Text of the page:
Today's news

May 5, 2006

Kelly loses education as Johnson's rise continues
Tony Blair is today expected to make Alan Johnson, the former trade union leader, education secretary, replacing the embattled Ruth Kelly. He would be given a mandate to push through the government's controversial education bill and sell the concept of independent school trusts to a sceptical public. In the reshuffle, which Mr Blair has brought forward from Monday, Ms Kelly will stay in the cabinet, though it was not clear which post she would hold as MPs moved straight from campaigning in the local elections to speculation about the ministerial changes.
The Guardian, The Times, The Independent

Lecturers back pay deal as national talks deadlock
Lecturers at Scotland's oldest university have voted overwhelmingly to accept a new wage deal, despite the fact that the national wage negotiations remain deadlocked. A ballot of academic staff at St Andrews University found that 94 per cent were in favour of accepting a 12 per cent wage rise over the next three years. The local branch of the Association of University Teachers claimed the result was not valid because fewer than half of their members had participated in the vote. But officials vowed to introduce the wage rise and said they expected the boycott of marking and assessment by lecturers to come to an end.
The Scotsman, The Guardian

College head to face grilling on £3.7m debt
The outgoing principal of a college which is millions of pounds in the red has been ordered to appear before a committee of MSPs. Professor John Little, of Inverness College, will be grilled by the parliament's audit committee, which is conducting an inquiry into concerns raised by Robert Black, the auditor general. The college has a deficit of £3.7 million and has been forced to revise its prediction that it would break even by 2009.
The Scotsman

Wolverhampton bucks China trend with Kenyan alliance
While most UK universities are looking east to China and India to forge links with higher education institutions, one English university has set its sights elsewhere: Africa. The University of Wolverhampton announced this week that it had signed a memorandum of understanding with Kabarak University in Kenya, which will involve student and staff exchanges, research collaboration and the development of degree programmes.
The Guardian

Cumbria finds home for university plans
The proposed University for Cumbria moved a step closer to reality yesterday when it was promised campuses in Carlisle and Penrith. The University of Central Lancashire confirmed it would be transferring its two campuses in the county to the project, which already includes St Martin's College and the Cumbria Institute of the Arts. The new university is expected to launch in September 2007.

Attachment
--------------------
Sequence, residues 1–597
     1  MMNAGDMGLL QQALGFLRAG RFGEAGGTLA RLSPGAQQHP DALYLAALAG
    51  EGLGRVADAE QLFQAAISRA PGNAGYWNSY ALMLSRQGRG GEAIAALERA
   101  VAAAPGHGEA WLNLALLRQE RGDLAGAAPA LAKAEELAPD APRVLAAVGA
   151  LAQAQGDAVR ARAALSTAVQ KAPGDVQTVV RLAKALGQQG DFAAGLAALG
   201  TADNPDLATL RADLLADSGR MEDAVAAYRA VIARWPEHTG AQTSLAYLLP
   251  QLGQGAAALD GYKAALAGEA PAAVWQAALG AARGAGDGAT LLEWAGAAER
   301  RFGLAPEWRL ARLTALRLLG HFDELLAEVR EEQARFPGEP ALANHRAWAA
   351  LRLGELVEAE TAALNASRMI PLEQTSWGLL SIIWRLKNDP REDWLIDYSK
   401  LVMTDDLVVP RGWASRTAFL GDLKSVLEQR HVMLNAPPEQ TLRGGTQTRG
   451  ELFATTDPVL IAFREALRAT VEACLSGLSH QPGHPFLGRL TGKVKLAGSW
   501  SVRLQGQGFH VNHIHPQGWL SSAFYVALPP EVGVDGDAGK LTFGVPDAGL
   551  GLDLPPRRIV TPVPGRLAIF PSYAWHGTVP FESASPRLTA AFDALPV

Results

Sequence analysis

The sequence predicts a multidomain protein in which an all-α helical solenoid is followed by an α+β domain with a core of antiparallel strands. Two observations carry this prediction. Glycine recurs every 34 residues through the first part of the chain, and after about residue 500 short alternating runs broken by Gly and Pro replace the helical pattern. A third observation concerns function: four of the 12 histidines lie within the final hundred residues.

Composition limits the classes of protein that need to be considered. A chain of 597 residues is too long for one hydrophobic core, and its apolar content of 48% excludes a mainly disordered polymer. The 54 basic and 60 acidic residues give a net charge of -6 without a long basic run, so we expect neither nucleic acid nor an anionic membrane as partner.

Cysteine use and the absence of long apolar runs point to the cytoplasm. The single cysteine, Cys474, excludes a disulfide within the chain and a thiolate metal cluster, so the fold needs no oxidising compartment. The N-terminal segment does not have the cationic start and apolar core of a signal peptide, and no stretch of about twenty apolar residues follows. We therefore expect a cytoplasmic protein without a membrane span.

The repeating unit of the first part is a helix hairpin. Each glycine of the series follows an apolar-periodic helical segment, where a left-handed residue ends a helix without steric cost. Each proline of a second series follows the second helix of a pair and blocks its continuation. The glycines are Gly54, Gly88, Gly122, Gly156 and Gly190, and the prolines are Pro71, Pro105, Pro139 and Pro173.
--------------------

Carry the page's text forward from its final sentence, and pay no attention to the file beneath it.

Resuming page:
The Guardian

Researchers expose the myth of 'disappearing' puppy fat
The concept of childhood "puppy fat" that disappears in teenage years is a myth, researchers say. Children who are overweight or obese at 11 remain so through adolescence and probably into adulthood, a study in the British Medical Journal found. Experts said obesity was established earlier than previously thought and dismissing the problem as puppy fat could have serious health implications later. Researchers from the Cancer Research UK health behaviour unit at University College London followed almost 6,000 children from age 11 to 16.
The Independent, The Times, The Scotsman, The Daily Telegraph

Under the bandages King Tut is all man
An ancient riddle of the sands has been solved by modern hospital technology. The mummified remains of King Tutankhamun have been found to be, let us say, intact. When a team from Liverpool University X-rayed the body in 1968, about 3,300 years after the 19-year-old king’s death, they could find no sign of his penis. There was speculation that it had been stolen and sold to a private collector. There are people who do collect such things. But Zahi Hawass, head of Egypt’s Supreme Council of Antiquities, discovered the missing member using a hospital CT scanner during a recent study of the remains.
The Times

Cosmos 'in constant cycle of renewal'
One of the greatest challenges facing physics today could be solved with a return to a picture of the cosmos familiar to the ancients, where there is an endless cycle in which the universe dies and is reborn. The radical picture of a renewing universe has been put forward by Professor Neil Turok of the Department of Applied Mathematics and Theoretical Physics, Cambridge University, and Professor Paul Steinhardt, of Princeton University, to explain a profound mystery concerning the Cosmological Constant.
The Daily Telegraph, New Scientist

to read this article.

Register to continue

Get a month's unlimited access to THE content online. Just register and complete your career summary.

Registration is free and only takes a moment. Once registered you can read a total of 3 articles each month, plus:

  • Sign up for the editor's highlights
  • Receive World University Rankings news first
  • Get job alerts, shortlist jobs and save job searches
  • Participate in reader discussions and post comments